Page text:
Business Developers: How to “Fix” Your Presentations

  |  May 4, 2009

There’s no room in the workplace for people who don’t care about making the very best impression each and every time they speak or present. If you make any of these mistakes, you’re risking your job and your reputation.

There is one common thread uniting these mistakes: they arise because people focus on the presentation rather than on the audience. Audiences are filled with human beings who have certain hard-wired needs. Make these mistakes and your audience will quickly forget what you said. Make the quick fixes and your audiences will stay focused on your every word.

Mistake #1: Opening with a routine introduction. Who you are, why you’re there, what you’re going to talk about.

Fix #1: Always include a reference to the audience in the first sentence, by using the word ‘you’.
“You come to work each day eager to (their mission here)”
“Imagine that you’re (accomplishing their mission) and reaping the benefits of those accomplishments.” “You should have been there when (major event they would relate to)”
“We have something in common: we all want to (accomplish their mission or a sub-set of it).”
These are attention-getting openings.

Mistake #2: Thinking that slide decks are synonymous with “presentation.”

Fix #2: It’s your content that is synonymous with “speech” or “presentation.” You must know where you’re going (your Call-to-Action); your 2 or 3 Key Points; your interesting and varied Leading Materials that take the audience inexorably to your key points; and your Attention-getting Opening. You must start from the end and work towards the beginning.

Once you’ve created your content, you then decide what part of it would be effectively supported by a slide or two. Other supporting tools are props, handouts, models, books from which you read quotes, hard copies of articles, exercises, music or sounds.

The slide/no slide issue relates directly to the human brain. We require variety and stimulation in order to pay attention. The more variety you provide to your audience, the better they will pay attention and the more your message will stick.

Mistake #3: Getting input and feedback from people who think just like you think.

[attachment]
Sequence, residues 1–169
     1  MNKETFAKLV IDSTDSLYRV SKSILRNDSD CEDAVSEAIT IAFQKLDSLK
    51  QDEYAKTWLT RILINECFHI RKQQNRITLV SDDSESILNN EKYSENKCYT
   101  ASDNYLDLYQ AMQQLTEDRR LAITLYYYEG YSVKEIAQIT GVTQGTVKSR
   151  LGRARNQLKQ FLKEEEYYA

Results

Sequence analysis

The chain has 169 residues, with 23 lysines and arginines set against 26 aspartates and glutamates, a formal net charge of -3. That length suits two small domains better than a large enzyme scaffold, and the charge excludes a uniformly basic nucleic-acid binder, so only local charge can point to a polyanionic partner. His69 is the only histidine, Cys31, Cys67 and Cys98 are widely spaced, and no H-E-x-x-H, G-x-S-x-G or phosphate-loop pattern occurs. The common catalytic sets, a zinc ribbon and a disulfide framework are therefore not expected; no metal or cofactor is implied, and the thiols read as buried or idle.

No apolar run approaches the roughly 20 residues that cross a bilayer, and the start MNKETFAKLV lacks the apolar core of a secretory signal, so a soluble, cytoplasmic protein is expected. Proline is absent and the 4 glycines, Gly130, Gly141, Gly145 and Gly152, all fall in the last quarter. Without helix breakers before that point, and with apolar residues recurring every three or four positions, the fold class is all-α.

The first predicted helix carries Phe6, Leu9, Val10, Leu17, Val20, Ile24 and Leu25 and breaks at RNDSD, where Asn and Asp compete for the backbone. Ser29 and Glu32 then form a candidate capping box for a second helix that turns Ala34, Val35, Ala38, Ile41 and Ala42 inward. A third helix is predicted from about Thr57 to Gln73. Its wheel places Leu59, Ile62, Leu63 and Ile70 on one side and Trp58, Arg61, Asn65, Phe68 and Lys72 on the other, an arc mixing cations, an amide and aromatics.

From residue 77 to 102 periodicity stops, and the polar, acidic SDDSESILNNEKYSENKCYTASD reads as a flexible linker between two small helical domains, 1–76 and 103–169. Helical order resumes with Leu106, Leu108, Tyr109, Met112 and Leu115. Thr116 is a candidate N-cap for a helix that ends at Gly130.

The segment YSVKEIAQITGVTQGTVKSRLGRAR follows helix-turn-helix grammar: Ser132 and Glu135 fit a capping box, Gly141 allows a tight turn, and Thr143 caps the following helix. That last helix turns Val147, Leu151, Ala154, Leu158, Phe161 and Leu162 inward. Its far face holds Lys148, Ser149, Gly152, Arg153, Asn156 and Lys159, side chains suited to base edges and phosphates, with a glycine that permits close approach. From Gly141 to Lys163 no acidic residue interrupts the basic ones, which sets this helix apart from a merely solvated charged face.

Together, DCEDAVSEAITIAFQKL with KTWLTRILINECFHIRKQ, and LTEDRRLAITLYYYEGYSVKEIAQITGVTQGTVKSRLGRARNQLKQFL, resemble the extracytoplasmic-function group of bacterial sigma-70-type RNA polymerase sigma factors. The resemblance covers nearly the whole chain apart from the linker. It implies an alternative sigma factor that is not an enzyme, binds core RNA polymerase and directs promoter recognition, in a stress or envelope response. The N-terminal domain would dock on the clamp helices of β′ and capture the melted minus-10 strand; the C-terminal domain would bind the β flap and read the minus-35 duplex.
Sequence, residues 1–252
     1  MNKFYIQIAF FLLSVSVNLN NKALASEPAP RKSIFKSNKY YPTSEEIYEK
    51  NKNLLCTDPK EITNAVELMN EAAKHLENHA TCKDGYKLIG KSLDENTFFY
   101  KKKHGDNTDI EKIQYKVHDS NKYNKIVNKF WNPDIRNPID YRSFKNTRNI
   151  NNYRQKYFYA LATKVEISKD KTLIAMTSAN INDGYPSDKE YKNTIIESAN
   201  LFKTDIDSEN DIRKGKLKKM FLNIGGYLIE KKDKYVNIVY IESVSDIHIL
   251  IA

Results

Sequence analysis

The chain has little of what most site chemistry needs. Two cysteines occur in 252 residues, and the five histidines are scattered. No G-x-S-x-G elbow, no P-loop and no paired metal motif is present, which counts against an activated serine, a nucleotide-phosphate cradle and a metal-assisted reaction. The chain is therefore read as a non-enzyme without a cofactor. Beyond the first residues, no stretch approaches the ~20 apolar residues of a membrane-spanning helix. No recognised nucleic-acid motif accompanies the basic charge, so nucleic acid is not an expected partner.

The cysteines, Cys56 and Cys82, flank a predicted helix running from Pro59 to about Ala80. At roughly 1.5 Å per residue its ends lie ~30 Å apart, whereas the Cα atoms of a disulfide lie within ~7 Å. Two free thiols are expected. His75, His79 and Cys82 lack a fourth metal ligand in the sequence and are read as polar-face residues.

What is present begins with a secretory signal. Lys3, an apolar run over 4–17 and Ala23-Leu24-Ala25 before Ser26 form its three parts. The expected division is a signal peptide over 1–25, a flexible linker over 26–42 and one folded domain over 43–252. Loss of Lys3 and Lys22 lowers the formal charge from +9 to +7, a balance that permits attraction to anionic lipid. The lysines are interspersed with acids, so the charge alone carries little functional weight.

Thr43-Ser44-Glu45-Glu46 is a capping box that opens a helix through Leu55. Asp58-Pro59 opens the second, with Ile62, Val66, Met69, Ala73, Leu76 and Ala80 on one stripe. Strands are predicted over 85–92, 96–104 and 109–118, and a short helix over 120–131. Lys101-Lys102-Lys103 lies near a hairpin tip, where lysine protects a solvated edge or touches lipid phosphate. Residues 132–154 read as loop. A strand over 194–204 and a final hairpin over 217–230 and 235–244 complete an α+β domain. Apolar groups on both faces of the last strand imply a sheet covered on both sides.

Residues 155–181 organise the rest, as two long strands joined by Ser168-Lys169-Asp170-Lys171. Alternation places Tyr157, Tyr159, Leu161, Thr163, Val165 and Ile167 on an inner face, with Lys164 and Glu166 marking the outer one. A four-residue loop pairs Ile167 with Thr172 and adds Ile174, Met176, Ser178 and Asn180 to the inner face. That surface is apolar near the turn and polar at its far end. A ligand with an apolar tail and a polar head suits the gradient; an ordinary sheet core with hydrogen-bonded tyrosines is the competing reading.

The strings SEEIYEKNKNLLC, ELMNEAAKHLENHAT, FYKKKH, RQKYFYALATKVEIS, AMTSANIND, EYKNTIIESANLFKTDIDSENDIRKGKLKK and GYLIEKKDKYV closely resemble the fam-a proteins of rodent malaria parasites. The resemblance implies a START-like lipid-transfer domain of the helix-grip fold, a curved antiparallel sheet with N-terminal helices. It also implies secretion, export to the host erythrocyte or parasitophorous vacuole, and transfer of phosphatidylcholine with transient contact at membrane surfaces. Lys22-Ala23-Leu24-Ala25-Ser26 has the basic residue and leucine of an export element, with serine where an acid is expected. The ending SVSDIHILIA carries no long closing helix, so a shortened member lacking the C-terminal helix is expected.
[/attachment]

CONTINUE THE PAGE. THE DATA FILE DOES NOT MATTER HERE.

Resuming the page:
Fix #3: Subordinates tend to tell you what they think you want to hear: it’s great, you’re great, the audience will love it.

Superiors will tell you what they would do which is likely to be mistakes #1 and #2.

Peers think the same way you do and will reinforce your ideas, which may or may not be good for your audience.

You must take a deep breath, remember that the speech or presentation is not about you–and get input from someone outside your circle, but not your subordinates or superiors.

The person you want to go to for advice is someone who will advocate for your audience. This person will tell you when you’re too technical or speaking jargon; they’ll hear disconnects and things that confuse them; they’ll be able to point out what is too much information; they’ll tell you what they would think and say after the presentation or speech.

Thank this person and make the changes they suggest. You will invariably have a better speech or presentation.

Mistake #3.5: Thinking there are many, many rules about presentations and business speaking, so that you are paralyzed or fearful and don’t get help or avoid speaking altogether.

Fix #3.5: There are only two rules for extremely successful business speaking and presenting:

1)      Put the Audience First
2)      Be Yourself, polished

Get accolades from your audiences and requests for more appearances by avoiding these mistakes, implementing these fixes and remembering these two simple rules.

Speaking does put the spotlight on you and when you in turn put the focus on your audience, they love you for it. There is no better way to grow your business and achieve greater status.


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